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Miscellaneous - Dissent

  by Jon Rogers

published: 6 / 10 / 2010

Miscellaneous - Dissent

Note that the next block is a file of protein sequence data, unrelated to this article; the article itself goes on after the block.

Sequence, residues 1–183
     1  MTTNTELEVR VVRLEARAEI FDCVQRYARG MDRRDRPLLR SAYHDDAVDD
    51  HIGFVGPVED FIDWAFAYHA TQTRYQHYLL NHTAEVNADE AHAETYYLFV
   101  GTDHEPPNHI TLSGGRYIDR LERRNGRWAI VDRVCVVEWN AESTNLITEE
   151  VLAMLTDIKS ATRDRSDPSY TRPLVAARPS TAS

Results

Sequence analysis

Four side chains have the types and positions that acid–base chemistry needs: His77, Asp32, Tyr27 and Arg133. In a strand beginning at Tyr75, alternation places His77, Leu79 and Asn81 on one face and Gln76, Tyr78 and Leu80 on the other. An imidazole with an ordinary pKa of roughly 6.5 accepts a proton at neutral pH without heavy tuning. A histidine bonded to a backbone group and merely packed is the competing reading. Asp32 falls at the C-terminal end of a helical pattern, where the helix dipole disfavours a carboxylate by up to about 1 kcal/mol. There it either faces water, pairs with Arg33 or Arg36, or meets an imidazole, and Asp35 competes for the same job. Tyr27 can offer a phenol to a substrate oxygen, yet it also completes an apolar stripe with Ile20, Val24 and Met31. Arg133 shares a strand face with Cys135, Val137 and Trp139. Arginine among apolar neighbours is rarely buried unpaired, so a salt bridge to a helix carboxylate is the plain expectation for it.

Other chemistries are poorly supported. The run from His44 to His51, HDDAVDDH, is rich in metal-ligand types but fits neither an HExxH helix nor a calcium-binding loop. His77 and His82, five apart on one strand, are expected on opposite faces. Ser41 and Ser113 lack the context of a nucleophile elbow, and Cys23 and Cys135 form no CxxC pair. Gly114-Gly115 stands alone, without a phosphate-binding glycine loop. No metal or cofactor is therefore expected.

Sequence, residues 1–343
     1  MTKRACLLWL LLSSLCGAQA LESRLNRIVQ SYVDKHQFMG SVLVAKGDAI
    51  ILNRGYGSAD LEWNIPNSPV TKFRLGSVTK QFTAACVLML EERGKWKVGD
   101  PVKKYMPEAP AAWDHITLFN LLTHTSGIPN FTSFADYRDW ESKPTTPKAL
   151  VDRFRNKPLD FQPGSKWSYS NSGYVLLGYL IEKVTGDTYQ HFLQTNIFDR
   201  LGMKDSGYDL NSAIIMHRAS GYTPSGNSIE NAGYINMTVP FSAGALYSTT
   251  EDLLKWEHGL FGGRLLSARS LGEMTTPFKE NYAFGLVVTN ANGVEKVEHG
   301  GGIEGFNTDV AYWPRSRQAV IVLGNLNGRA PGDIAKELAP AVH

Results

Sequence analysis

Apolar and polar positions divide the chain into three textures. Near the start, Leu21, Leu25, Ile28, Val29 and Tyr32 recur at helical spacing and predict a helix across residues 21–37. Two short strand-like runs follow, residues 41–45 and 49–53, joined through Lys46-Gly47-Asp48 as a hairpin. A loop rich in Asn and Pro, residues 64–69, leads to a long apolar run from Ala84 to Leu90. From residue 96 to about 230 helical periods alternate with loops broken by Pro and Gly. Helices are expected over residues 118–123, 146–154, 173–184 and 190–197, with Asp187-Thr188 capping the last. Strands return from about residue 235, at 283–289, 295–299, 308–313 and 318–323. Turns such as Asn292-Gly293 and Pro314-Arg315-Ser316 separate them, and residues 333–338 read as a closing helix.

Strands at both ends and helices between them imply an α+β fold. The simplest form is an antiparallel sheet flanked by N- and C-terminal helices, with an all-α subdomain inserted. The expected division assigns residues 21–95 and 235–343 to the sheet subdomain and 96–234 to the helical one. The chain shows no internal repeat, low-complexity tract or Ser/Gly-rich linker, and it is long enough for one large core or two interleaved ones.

In his regular 'Hitting the Right Note' column, Jon Rogers asks what has happened to controversy and rebellion in rock music